In short, the only substantial difference between printed books and ebooks is the output media format selected. They are all books. The real questions for this debate are whether either format is intrinsically more valuable than the other and whether the rise or fall of either — or their continuation in a partnership of some kind — is in the best interests of the reading public.
The authors are lovers of the written word, reading many books and owning personal book collections — printed and digital — numbering in the thousands. Between them, they have access to at least 12 different e-reading devices, plus the usual number of current and recently retired laptops. Through exposure to consumer data collected by BISG (with comparable data from Library Journal and elsewhere), they have developed an appreciation for the dilemmas now facing publishers. The EVP issue is not a simple pro and con matter; it is nuanced and difficult. Nevertheless, the following is an attempt to speak for the two "sides."
Is It a War?
Steve: I've read articles, blogs and comments describing the growing popularity of ebooks as some sort of warfare against the printed book. One said he found it depressing to see content displayed in a printed bound format being displaced by content displayed in a variety of digital formats on multiple mobile devices. I fail to see how offering consumers more reading choices can be considered war — or even be considered depressing.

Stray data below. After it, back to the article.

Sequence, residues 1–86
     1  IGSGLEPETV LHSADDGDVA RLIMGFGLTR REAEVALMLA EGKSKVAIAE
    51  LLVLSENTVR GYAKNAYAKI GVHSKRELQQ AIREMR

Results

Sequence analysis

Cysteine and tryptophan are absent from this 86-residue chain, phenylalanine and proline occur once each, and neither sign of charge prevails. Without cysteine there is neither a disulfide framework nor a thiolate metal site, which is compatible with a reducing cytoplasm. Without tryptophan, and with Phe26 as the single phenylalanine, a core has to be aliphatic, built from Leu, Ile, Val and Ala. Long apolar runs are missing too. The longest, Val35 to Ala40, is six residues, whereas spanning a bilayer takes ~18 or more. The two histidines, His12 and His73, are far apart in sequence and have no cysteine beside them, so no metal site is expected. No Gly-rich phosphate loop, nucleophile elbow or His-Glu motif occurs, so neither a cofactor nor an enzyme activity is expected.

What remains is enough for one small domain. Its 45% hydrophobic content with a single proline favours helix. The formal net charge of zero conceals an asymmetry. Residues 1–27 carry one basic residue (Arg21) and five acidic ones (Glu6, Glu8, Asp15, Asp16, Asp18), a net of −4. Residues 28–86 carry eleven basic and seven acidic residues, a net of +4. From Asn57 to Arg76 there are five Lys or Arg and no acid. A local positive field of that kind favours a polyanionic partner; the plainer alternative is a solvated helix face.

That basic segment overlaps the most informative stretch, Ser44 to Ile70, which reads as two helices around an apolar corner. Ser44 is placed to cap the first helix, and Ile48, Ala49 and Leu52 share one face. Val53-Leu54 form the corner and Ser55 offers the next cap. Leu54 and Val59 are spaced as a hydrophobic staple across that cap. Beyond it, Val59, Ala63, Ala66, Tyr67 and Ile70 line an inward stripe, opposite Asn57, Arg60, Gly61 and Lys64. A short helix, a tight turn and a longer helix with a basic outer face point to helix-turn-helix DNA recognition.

John: The term "warfare" infers an absolute winner and loser. That's nonsense; it's not an either/or proposition. The BISG survey shows that — for individuals of certain ages and incomes — the ebook format is rapidly displacing print. However, print still has intrinsic value that digital has not yet replicated. For one thing, printed books are physical products, not software. Once sold, they are not subject to the whims of any publisher or reseller. I agree that format choice is cause for consumer celebration, not depression. If there is a war, it's not about formats, per se, but about who will control book distribution. Software-savvy e-distributors may indeed overthrow the old physical product regime. However, this is only cause for depression if the new order limits consumer choice for commercial gain.
John Parsons (firstname.lastname@example.org), former Editorial Director of The Seybold Report, is an independent writer, ghostwriter, and editor. He is the co-author of the interactive printed textbook, Introduction to Graphic Communication, on the art, science and business of print, which has been adopted by Ryerson, Arizona State, the University of Houston, and many other schools and vocational training centers. Custom editions of the book are under consideration by major printing companies and franchises for internal training purposes.